Skip to Content

Meaning and Use of “He Who Laughs Last, Laughs Loudest”

Meaning and Use of “He Who Laughs Last, Laughs Loudest”

English has its fair share of idioms and phrases. Some are pretty straightforward to understand, but quite a few could be complex. Even the ones that look simple at first could turn out tricky upon further review.

The phrase “he who laughs last, laughs loudest” denotes “who wins at the end or when it matters the most is the real winner”. The satisfaction in having that “last laugh” stems from the fact that the person, who wasn’t doing well initially, may have been ridiculed or “laughed at” in the beginning.

Continue reading to learn the meaning of the phrase in a bit more detail, its origin, how it can be used in texts directly or tacitly, etc.

girl holds pen near face thinks of writing

“He Who Laughs Last, Laughs Loudest” – A Brief Intro

The phrase “he who laughs last, laughs loudest” denotes “people who have got a handle of a situation or a thing at the end are the most successful or happy”. In other words, it means “the winner gets the last laugh”.

It disregards how successful or unsuccessful the individual was initially or how successful other people were at the beginning or during the period. The one who wins, in the end, is the real winner or the one to have the last laugh.

The phrase has a few variations. Besides the above, it could also be phrased as “he who laughs last, laughs longest”, “he who laughs last, laughs best”, etc. If you’d like to, change the gender or phrase it as “she who laughs last, laughs loudest/longest/best”.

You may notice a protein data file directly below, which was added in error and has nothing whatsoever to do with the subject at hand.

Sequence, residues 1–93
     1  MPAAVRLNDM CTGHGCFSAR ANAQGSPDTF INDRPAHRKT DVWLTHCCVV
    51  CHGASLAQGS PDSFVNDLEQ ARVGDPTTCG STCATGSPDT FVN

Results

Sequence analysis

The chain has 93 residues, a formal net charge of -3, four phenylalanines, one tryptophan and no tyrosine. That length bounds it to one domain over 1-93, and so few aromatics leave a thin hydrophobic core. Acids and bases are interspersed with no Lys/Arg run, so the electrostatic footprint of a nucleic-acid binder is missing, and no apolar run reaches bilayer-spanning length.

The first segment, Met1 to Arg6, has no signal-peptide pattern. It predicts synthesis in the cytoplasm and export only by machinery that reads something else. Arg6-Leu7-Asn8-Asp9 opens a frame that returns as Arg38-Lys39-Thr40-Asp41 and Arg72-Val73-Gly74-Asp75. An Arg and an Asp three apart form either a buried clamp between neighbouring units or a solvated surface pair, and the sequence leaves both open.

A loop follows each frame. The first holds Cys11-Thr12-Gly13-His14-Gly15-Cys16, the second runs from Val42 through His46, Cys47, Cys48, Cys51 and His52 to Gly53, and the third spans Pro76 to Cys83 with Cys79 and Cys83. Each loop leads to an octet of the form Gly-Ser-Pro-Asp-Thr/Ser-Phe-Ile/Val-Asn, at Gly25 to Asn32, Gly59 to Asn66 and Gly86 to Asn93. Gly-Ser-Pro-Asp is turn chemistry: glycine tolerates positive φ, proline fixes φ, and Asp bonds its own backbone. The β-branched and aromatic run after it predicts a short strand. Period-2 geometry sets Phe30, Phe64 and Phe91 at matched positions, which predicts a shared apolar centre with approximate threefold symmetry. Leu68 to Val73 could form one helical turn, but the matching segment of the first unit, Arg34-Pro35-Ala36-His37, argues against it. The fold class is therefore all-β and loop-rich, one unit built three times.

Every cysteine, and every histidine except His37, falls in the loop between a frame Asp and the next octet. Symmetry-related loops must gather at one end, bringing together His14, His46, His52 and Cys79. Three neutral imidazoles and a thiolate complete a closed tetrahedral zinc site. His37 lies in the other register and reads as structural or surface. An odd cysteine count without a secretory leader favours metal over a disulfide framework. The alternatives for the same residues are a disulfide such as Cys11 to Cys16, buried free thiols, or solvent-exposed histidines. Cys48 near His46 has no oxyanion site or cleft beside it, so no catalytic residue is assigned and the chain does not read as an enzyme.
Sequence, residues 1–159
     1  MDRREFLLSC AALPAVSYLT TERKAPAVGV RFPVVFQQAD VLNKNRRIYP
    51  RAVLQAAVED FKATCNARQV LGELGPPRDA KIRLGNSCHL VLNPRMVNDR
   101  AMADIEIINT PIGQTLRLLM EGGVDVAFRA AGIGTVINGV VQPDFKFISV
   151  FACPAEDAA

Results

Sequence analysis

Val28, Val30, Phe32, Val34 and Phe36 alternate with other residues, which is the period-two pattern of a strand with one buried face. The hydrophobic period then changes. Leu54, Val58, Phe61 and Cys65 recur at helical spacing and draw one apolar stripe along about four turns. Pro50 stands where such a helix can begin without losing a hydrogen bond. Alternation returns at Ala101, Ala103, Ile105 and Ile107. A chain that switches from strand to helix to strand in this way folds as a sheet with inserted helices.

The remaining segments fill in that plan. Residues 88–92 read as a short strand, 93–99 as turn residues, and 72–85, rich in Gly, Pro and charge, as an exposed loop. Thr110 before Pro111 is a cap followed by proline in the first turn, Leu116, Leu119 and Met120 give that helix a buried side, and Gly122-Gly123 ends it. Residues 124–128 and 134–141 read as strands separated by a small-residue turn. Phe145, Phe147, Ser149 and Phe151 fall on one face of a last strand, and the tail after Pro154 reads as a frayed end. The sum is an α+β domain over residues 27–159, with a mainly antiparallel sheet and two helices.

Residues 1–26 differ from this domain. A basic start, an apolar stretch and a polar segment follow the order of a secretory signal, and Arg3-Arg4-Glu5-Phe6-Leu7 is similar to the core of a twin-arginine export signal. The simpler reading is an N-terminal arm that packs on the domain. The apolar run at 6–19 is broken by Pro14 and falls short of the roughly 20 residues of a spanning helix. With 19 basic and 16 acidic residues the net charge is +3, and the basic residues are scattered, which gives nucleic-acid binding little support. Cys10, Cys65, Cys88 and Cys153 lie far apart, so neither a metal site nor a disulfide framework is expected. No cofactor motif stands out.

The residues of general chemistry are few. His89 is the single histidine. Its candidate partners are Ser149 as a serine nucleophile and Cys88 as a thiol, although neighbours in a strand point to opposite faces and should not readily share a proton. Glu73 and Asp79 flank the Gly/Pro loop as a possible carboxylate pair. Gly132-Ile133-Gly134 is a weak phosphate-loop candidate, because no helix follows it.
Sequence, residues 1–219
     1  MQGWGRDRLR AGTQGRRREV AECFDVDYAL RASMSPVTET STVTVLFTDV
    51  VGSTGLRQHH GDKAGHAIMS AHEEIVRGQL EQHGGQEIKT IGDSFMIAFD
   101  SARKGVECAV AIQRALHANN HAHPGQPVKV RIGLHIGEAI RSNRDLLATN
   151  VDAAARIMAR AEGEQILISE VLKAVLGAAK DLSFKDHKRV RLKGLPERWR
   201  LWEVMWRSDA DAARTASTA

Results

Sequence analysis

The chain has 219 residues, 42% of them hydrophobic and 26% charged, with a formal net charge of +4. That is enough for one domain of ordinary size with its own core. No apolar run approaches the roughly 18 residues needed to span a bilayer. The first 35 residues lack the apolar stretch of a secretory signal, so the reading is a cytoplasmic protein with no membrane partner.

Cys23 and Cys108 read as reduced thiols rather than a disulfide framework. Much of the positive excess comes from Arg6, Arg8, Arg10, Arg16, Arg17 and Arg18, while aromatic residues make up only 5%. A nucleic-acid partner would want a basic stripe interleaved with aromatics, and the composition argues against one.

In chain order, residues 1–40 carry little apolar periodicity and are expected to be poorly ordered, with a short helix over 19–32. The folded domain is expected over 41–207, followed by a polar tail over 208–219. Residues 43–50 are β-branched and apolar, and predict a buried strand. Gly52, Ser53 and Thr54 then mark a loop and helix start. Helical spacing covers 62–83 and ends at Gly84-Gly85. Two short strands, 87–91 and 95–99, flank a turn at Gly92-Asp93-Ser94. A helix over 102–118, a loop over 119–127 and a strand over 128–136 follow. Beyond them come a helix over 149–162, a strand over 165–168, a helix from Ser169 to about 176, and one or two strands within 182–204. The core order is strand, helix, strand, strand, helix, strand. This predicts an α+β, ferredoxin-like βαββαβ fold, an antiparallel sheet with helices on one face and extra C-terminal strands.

And if you want to keep it neutral, replace the pronoun “he/she” with “they”. The phrase works either way.

The shorter-phrase “last laugh” is pretty much identical in meaning to its more extended version. It denotes “the satisfaction derived from ultimate success or triumph, particularly after being ridiculed or scorned or tagged as a failure”.

A Sports Example for Further Understanding

Take a sports tournament, like World Cup, for example. Multiple teams compete for the coveted prize. Some teams do great in the initial rounds, and some do not. That ascertains where they stand on their respective group’s table.

When the knockout stages come, the past performances of the teams do not count. How they perform in the quarterfinals, semi-finals, and finals is what matters. If a team won all its group matches but loses in the quarters, it’s out of the tournament.

Similarly, the team that barely made through to the knockout stages could perform well in the quarters, semis, and finals, ultimately winning the championship. They may have won only 5 out of the total nine matches played in the tournament. The other team that bowed out in the quarters may have won 6 out of their seven games. That does not matter.

The number of wins and losses doesn’t matter because the team that won the cup won matches that mattered the most. The other team may have won all of its league-stage matches, but it lost when it counted.